After nearly 40 years spent working with schools September will always be the start of a New Year for me, January 1st is just another day in my diary, and this September has its unique set of stories as thousands of parents prepare their young people to move on with the next step in their lives. After the tense excitement of the exam results in August many families are creating survival kits for their son or daughter’s first term living away from home while others are worrying about how to get their child motivated enough to maintain or improve their grades over the coming year.
September is also the start of the empty nest syndrome for many, where parents and particularly mothers feel a sense of loss for the family life that was and their role within it once their children have left but there is a new syndrome to be found in Britain today for over 3 1/2 million families, the endless nest. More and more young people are staying at home with Mum and Dad even whilst they’re studying and a great many more return once their studies are over. Whether this is due to the high cost of housing as many newspaper reports suggest, to do with young people’s expectations of a certain standard of living or my own personal favourite the result of changes in the way young people are parented the result is often the same – a young adult sharing a space with the older adults who raised them.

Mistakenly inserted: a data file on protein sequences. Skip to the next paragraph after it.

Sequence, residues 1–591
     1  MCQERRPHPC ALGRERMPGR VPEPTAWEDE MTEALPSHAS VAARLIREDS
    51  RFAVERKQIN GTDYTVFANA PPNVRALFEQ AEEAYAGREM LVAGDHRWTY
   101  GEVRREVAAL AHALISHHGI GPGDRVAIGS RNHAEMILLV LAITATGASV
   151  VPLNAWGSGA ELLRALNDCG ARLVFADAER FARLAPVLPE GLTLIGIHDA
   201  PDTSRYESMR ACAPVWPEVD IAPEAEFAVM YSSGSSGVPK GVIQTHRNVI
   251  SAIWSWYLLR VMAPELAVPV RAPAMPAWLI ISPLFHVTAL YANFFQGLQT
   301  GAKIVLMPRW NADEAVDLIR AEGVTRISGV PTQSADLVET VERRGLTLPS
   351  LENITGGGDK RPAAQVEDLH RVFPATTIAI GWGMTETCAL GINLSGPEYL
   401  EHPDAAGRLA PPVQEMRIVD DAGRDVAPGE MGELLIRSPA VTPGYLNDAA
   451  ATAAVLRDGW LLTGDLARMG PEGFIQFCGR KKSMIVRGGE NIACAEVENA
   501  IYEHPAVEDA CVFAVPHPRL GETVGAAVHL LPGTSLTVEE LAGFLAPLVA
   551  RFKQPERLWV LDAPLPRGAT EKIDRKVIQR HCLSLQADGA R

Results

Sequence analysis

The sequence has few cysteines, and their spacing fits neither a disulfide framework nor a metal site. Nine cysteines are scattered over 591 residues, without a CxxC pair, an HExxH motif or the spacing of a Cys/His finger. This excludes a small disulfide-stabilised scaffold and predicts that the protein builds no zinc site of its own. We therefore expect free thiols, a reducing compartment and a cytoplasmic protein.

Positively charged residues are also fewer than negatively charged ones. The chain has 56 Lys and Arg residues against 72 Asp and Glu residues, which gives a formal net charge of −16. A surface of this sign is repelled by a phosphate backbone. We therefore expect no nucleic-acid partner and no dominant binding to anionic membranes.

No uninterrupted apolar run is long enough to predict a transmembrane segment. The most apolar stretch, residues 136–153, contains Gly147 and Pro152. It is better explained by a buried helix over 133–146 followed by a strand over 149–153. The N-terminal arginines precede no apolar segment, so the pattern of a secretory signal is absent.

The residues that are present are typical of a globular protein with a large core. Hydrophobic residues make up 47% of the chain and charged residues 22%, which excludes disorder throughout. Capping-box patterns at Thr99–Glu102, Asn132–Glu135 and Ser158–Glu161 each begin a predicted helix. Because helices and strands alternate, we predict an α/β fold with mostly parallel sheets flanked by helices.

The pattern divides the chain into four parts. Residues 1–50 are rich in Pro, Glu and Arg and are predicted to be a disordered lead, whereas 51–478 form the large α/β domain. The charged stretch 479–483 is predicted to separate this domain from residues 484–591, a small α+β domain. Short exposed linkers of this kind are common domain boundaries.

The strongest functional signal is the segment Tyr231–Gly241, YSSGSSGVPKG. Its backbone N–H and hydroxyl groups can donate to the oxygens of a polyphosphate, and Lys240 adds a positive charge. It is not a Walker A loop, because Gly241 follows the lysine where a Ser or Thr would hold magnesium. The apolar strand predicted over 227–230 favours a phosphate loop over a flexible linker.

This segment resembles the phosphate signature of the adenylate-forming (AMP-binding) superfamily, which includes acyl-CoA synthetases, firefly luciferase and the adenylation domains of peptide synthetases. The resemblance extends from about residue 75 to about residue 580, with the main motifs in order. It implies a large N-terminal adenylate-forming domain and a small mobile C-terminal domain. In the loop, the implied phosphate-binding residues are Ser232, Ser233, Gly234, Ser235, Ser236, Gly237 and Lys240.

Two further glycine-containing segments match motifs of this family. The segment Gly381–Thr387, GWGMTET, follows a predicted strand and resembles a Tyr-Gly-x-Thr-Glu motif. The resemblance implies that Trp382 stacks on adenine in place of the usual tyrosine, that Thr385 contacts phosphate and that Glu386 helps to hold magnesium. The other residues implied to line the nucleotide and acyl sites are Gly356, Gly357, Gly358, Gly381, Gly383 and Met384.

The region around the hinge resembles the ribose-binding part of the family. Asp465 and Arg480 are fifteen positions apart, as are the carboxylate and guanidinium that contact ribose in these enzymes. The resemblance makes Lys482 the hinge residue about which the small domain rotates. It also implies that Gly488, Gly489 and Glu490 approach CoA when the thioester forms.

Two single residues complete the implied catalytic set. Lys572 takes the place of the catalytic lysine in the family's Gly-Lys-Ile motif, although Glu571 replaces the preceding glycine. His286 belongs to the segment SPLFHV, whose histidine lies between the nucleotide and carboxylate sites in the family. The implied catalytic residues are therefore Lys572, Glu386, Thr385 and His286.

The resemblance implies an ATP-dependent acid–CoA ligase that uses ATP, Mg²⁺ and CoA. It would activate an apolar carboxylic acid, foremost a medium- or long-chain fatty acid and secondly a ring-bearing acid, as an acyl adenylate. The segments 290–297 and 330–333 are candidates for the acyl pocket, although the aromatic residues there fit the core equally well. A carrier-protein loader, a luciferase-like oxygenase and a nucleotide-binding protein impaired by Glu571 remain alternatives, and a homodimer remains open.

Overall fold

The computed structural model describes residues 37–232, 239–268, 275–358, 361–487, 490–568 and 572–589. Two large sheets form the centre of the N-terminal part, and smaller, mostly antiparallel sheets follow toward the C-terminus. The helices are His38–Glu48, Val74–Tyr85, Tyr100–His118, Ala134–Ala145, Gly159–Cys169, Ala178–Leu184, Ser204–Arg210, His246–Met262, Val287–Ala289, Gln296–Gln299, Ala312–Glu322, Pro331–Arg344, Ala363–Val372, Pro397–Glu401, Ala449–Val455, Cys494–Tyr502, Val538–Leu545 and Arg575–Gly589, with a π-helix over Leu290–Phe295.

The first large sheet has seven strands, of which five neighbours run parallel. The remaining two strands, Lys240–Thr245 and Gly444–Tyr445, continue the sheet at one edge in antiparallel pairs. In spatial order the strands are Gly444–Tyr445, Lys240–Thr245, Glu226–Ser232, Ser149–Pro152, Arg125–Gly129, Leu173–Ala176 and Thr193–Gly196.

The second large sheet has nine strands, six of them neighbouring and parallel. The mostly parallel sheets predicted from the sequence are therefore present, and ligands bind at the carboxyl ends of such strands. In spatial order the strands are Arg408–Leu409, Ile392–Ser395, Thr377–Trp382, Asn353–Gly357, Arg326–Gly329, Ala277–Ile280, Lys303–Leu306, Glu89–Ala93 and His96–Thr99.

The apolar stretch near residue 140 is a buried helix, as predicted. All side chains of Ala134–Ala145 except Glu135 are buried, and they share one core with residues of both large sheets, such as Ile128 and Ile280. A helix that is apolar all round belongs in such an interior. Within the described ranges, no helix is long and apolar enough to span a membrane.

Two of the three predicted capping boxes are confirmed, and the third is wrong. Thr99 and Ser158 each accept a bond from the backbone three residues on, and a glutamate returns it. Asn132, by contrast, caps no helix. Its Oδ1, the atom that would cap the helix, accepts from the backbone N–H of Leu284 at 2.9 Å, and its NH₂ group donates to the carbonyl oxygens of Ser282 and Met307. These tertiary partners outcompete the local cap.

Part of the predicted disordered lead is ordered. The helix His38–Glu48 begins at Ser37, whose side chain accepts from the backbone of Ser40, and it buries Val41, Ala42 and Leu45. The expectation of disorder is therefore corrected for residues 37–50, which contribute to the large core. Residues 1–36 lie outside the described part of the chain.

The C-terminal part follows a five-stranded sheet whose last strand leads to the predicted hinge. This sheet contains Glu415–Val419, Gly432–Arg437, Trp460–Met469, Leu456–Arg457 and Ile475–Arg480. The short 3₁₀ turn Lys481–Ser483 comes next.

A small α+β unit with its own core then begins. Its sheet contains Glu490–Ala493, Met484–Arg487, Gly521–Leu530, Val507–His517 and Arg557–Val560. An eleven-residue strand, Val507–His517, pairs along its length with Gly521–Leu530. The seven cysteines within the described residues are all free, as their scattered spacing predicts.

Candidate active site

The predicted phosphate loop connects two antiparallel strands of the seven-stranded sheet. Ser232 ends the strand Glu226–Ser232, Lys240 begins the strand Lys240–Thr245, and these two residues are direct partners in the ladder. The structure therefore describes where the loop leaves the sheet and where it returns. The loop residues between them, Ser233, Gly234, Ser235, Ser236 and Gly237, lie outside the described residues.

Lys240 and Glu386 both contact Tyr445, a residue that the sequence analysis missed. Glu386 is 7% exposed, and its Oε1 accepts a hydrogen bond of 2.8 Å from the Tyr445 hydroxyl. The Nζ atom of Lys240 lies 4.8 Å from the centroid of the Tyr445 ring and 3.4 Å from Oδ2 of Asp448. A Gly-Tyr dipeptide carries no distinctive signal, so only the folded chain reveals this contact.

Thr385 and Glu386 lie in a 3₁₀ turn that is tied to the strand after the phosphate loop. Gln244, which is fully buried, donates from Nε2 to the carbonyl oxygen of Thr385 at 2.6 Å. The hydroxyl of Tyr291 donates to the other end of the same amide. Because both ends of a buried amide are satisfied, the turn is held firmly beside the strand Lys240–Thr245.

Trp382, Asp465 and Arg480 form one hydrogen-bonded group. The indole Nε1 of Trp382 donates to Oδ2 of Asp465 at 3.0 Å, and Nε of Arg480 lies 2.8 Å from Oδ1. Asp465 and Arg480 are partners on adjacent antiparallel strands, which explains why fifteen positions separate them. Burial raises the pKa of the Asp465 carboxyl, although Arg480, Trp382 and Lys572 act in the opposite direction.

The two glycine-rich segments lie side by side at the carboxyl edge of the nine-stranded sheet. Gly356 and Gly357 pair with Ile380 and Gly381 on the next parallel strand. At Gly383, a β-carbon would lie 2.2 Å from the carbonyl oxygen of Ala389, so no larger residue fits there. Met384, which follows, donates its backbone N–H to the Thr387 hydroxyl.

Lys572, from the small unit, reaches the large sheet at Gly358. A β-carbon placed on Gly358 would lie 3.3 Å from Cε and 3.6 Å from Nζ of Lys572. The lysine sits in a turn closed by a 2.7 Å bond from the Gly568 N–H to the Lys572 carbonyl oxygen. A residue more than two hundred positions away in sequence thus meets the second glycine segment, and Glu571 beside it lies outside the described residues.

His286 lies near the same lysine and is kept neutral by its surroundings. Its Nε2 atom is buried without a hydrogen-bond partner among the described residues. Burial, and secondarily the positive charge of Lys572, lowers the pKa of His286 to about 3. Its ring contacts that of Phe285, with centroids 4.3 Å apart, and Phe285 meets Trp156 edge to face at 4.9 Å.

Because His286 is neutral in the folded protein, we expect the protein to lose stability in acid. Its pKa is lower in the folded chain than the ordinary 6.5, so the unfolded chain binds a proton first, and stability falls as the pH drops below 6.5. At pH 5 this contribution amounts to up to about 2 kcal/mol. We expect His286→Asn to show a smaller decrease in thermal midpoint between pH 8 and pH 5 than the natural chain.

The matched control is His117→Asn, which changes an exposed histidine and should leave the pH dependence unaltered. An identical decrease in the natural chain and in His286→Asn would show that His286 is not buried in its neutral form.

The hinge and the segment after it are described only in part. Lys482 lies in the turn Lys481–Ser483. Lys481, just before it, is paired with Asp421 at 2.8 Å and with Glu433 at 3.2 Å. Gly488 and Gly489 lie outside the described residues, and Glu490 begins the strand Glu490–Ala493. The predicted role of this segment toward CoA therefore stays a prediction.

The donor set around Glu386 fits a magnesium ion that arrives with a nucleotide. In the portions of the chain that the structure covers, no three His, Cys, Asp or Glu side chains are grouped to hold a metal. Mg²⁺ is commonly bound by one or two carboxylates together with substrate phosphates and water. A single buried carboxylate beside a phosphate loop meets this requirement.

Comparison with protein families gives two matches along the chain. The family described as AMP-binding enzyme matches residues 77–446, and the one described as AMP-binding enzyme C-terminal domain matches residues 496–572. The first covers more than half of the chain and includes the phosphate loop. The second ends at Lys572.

When my writing partner Alison Baverstock and I decided to write a book for parents of 16 to 23 year olds it was clear through my workshops and conversations with parents that whilst some wanted to move on in their lives and felt held back by offspring who were determined to stay put or unable to move on themselves there were other parents who with the very best of intentions created a home environment that anyone would want to stay in -free food cooked to order, a well-stocked fridge and open bar, free rent, no expectations and responsibilities, a free taxi service and laundry and ironing on demand. A wonderfully comfortable home but one which can create a dependent or helpless young adult in order to satisfy a parents desire to still feel needed.
‘Later, a guide to parenting a young adult’ is both a handbook for parents who want to do the best for their young person by helping them become an independent and self assured adult as well as a comforting and encouraging support for parents to take the next independent steps in their own lives. So much so that Alison, who has experienced the bittersweet leaving, the joyful return and the endless negotiation of boundaries that comes with all stages of parenting young adults with her 4 children, though not all have yet made the step to full independence, is now backpacking around South America with her husband for their first holiday alone since they became parents.
Whilst Later doesn’t claim to make you into Alison it can help you negotiate boundaries in your shared home, prepare your young person for the world of work or study and potentially a family life of their own by offering wise insight and advice, top tips, case studies, quizzes and the ever popular question and answer sections.
You can read Alison’s blog of her trip so far on the later Facebook page (www.facebook.com/Later4parents)